Science

New AI tool allows mourners to have conversations with the dead at their funeral

The idea of conversing with mourners at your own funeral may sound like the plot from the latest episode of Black Mirror. 

But it could become a reality, thanks to a Los Angeles-based startup, which has developed a ‘holographic conversational vido experience’.

StoryFile creates a digital clone of the subject by using 20 synchronised cameras to record them answering a series of questions.

Experts then process the footage, tagging clips and using it to train an artificial intelligence (AI) that can provide responses to these questions in natural language. 

The finished product is then uploaded to the StoryFile platform, which can be interacted with after the individual has passed away.

Those who attend their funeral are then able to speak with their loved one, as the technology creates the illusion of a real-time conversation.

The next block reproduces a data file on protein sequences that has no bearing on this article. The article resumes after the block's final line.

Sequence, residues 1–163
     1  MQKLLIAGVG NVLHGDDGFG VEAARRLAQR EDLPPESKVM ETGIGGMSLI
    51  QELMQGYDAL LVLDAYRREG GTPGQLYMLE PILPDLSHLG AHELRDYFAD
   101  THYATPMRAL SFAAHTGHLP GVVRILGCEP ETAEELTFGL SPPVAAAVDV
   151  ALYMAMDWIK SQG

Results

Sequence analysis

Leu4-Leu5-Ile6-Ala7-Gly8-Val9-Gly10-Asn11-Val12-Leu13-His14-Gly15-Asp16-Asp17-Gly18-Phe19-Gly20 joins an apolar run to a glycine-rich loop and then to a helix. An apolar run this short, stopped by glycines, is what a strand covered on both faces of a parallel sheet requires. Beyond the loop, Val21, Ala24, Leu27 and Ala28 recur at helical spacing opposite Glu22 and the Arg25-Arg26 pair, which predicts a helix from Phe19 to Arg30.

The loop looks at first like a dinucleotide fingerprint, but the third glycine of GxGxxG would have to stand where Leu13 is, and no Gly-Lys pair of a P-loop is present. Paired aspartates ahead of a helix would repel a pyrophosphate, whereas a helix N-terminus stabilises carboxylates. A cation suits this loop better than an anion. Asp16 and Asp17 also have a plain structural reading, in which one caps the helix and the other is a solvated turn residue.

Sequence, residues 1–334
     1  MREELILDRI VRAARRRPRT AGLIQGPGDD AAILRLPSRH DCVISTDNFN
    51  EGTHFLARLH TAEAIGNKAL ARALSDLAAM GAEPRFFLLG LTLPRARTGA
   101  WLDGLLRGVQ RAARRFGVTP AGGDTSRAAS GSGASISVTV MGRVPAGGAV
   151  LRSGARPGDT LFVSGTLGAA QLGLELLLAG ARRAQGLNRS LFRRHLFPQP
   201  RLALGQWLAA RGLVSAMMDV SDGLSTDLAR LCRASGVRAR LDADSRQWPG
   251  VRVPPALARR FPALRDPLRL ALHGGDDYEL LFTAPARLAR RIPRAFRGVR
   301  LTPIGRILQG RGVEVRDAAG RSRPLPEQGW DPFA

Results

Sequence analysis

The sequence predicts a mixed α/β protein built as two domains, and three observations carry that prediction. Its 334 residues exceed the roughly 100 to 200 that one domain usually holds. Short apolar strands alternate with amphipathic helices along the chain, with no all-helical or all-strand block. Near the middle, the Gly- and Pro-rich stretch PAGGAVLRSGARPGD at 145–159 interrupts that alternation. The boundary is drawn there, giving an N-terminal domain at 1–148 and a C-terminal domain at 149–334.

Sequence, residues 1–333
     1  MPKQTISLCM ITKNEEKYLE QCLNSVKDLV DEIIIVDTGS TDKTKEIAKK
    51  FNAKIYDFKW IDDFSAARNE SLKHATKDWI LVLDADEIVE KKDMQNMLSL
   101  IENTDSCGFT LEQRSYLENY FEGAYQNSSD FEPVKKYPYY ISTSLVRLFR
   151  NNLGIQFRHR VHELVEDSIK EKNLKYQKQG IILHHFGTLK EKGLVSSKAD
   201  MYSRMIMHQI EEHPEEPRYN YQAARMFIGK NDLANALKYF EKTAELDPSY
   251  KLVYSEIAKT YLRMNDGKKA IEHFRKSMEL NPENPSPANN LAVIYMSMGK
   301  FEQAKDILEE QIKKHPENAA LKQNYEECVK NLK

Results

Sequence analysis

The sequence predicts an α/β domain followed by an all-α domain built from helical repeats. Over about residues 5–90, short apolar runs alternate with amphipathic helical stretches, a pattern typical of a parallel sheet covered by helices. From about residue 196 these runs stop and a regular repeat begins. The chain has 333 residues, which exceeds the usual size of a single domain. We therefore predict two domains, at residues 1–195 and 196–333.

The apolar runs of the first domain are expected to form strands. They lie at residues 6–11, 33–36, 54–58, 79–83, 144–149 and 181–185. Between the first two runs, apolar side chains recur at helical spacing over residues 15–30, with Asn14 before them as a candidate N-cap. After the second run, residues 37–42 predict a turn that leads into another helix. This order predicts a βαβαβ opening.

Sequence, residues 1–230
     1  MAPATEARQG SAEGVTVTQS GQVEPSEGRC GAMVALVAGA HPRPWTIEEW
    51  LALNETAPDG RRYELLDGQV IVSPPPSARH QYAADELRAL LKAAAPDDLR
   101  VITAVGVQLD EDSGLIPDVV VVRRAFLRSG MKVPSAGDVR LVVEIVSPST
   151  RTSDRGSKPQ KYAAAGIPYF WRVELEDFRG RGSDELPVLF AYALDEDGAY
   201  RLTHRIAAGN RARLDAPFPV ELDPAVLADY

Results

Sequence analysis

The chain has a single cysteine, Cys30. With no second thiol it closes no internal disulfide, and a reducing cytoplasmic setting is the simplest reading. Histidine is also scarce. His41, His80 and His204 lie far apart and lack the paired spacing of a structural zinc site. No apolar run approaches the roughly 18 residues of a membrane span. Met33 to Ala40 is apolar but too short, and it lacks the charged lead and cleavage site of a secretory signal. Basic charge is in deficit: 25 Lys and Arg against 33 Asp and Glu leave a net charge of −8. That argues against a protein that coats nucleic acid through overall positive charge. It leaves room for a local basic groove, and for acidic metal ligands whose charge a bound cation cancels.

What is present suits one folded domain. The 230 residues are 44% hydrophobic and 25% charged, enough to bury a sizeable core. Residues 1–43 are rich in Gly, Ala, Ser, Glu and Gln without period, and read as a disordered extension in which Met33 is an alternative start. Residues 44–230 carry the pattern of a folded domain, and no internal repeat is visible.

The company worked with Star Trek’s William Shatner last year to create a hologram of himself that he said will help ‘preserve his memory and legacy for generations to come’.

StoryFile creates a digital clone of the subject by using 20 synchronised cameras to record them answering a series of questions

Experts then process the footage, tagging clips and using it to train an artificial intelligence (AI) that can provide responses to these questions in natural language

Experts then process the footage, tagging clips and using it to train an artificial intelligence (AI) that can provide responses to these questions in natural language

One of the first users of the technology was Marina Smith MBE - the mother of StoryFile's CEO Dr Stephen Smith - who died in June aged 87. Pictured: A screengrab from Marina's StoryFile

One of the first users of the technology was Marina Smith MBE – the mother of StoryFile’s CEO Dr Stephen Smith – who died in June aged 87. Pictured: A screengrab from Marina’s StoryFile

HOW A STORYFILE COMES TO LIFE

First, the person recording a StoryFile is filmed answering question about their life using special 3D video technology, depth kits and state-of-the-art sound equipment.